|Bid||255.000 x 0|
|Ask||255.200 x 0|
|Day's Range||251.000 - 262.600|
|52 Week Range||113.000 - 460.000|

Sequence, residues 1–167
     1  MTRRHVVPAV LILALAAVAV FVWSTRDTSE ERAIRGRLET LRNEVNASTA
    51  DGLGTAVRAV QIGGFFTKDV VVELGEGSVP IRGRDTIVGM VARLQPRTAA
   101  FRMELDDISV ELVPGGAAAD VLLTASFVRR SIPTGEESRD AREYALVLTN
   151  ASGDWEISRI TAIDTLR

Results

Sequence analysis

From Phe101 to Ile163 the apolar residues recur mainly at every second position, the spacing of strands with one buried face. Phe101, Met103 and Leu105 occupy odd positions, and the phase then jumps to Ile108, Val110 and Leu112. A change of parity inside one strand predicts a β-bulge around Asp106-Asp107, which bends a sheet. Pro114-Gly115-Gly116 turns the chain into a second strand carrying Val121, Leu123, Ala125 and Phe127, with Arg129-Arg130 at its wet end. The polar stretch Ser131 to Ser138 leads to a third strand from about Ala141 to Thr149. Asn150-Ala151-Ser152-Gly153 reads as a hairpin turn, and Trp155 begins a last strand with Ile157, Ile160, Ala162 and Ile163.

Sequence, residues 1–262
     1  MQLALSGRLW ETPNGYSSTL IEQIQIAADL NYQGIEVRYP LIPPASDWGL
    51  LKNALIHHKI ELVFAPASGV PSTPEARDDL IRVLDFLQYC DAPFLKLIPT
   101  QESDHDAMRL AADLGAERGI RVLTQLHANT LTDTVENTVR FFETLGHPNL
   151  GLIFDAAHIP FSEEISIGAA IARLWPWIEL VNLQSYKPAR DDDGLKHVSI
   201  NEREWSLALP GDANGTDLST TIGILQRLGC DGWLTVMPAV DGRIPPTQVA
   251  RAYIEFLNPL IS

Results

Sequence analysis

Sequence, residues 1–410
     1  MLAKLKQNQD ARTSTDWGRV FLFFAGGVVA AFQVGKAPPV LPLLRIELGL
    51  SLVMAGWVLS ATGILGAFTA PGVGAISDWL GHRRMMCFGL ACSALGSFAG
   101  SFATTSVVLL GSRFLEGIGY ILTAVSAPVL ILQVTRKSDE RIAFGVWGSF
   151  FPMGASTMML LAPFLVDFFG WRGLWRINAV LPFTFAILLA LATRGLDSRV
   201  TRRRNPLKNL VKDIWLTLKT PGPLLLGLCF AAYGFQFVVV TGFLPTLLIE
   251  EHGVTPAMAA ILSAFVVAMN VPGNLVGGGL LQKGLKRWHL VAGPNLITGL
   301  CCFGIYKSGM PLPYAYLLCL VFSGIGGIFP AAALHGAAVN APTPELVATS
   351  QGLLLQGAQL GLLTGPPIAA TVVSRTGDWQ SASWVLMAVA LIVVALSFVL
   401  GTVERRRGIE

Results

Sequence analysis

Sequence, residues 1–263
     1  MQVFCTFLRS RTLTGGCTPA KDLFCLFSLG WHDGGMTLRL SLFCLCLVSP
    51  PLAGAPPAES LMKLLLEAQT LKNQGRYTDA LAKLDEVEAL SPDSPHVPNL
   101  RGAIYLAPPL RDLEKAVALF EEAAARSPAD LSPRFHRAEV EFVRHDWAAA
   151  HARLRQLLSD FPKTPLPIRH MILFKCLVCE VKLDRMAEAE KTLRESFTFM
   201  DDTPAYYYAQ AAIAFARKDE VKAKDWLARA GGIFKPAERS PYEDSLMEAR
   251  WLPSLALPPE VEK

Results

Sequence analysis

|Beta (5Y Monthly)||1.02|
|PE Ratio (TTM)||N/A|
|Earnings Date||Mar 26, 2021|
|Forward Dividend & Yield||N/A (N/A)|
|1y Target Est||N/A|